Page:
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Firekeeper or flametender describes a specific ceremonial role, common in the religious practices of a variety of cultures. A firekeeper or flametender tends the sacred fire in the manner specific to the religious traditions of that culture.
The open flame was a necessary and important part of ancient human civilizations, and often was invested with religious meaning. Similarly, those entrusted with tending this flame often held a sacral role in the culture. This role continues in many traditional cultures into the present day.
A sacred fire is often a place for the offering of prayers, herbs, food, and sacrifices of artwork. An eternal flame or perpetual fire provides hot coals for the smoldering of herbs. A sacred fire is usually kept separate from any cooking fire, and placed in or near a ceremonial enclosure.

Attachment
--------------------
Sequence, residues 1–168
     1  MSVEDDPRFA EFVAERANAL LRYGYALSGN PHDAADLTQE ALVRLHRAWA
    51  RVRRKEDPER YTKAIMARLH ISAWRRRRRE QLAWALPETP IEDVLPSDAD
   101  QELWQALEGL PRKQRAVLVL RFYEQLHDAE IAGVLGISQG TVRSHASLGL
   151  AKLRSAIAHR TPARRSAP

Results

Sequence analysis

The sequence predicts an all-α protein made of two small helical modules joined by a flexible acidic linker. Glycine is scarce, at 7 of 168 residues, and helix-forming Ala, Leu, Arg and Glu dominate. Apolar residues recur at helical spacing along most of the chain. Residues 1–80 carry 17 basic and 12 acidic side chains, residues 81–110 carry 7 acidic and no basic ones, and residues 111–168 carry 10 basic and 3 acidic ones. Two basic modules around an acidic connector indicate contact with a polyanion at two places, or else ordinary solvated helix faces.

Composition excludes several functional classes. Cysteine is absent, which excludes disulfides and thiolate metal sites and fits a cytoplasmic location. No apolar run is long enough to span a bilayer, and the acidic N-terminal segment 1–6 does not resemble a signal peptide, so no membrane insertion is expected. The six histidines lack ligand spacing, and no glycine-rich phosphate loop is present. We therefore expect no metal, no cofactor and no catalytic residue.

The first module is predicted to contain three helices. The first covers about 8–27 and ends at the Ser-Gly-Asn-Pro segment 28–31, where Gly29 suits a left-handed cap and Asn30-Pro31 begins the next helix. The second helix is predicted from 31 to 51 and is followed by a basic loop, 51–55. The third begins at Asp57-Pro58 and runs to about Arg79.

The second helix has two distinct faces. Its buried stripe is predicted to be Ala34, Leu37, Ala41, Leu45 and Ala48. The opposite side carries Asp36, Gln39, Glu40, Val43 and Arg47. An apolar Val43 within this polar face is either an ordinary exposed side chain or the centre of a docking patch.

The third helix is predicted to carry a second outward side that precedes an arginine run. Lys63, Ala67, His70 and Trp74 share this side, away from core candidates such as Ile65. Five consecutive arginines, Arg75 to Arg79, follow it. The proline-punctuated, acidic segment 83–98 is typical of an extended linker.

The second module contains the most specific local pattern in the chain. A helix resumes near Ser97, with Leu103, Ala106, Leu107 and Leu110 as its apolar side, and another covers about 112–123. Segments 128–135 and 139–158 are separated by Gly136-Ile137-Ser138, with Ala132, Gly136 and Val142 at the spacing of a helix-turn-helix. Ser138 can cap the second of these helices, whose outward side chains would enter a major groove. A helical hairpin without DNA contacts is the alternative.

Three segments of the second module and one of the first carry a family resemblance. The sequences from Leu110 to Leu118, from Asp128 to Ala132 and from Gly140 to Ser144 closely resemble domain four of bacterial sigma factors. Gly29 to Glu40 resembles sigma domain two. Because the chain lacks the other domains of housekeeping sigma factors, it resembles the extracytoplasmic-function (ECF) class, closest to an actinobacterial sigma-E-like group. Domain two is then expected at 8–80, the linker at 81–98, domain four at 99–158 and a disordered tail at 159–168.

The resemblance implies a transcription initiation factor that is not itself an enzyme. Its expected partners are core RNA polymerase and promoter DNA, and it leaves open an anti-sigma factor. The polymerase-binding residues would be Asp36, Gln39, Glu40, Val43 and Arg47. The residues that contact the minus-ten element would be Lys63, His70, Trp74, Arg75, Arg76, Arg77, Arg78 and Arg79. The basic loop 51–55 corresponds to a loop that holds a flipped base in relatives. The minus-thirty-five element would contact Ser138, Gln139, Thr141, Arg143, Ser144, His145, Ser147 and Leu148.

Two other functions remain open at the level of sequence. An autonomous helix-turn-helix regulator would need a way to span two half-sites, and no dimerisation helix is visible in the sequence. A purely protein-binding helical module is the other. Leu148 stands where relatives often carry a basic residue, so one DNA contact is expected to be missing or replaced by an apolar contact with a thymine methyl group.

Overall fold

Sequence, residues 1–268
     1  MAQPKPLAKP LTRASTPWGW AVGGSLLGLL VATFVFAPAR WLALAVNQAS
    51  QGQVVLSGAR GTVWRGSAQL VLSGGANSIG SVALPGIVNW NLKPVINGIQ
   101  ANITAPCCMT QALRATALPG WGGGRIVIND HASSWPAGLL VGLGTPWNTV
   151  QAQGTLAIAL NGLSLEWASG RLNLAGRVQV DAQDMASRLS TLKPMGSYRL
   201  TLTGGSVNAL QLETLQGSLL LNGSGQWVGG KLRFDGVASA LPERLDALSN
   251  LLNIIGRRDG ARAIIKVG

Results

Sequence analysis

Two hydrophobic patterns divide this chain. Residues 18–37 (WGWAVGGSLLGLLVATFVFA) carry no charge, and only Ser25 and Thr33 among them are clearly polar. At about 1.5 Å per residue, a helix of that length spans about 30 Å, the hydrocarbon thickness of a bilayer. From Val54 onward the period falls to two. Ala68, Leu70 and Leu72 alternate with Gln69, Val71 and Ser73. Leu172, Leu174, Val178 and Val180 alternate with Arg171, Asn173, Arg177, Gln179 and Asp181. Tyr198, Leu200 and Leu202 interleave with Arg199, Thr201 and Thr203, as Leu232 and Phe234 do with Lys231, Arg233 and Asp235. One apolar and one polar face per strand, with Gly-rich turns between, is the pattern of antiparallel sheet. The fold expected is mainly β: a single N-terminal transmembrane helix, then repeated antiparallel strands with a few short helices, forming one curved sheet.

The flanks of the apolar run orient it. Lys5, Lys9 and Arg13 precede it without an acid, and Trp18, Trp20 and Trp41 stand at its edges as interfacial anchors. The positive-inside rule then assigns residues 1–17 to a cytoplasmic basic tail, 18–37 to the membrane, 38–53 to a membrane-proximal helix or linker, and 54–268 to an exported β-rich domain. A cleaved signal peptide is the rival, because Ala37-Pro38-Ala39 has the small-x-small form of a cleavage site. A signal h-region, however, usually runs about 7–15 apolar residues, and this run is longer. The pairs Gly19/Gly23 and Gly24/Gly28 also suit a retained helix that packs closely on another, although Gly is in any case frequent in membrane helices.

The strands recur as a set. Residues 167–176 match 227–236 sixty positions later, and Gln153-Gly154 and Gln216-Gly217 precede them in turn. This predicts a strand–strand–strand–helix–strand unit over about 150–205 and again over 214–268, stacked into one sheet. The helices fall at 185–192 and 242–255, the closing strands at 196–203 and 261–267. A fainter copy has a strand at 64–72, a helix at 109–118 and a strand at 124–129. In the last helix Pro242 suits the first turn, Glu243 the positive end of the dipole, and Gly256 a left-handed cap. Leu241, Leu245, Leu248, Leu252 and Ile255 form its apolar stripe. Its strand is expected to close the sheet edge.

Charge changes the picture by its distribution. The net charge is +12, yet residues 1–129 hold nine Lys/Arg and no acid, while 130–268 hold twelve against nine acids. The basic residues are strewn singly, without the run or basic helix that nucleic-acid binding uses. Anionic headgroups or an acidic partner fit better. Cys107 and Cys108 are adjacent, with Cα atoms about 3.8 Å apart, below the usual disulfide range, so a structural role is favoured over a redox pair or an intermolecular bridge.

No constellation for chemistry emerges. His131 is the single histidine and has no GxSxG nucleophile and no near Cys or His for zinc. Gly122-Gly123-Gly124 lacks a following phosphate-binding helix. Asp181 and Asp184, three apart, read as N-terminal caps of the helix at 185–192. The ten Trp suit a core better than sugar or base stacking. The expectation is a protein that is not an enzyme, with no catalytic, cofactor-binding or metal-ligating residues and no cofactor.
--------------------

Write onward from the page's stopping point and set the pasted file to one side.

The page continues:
In the past world of no matches, and no easy ways of making fire under wet conditions, it was necessary for someone to keep the flames or red coals burning for long periods of time. In some Lakota or Indian Ceremonies, they would take turns, day and night, tending the sacred fire.
- Brigid - Irish Goddess served by women who tend an eternal flame
- The Flying Head - Iroquois spiritual being
- Hajji Firuz, Zoroastrian firekeeper.
- Inipi - Lakota purification lodge
- Sauna - Scandinavian sweat house
- Sweat lodge - Ceremonial structures involving purification by fire and steam
- Vestal Virgin - Roman flametenders
- Sun Dance - Indigenous Ritual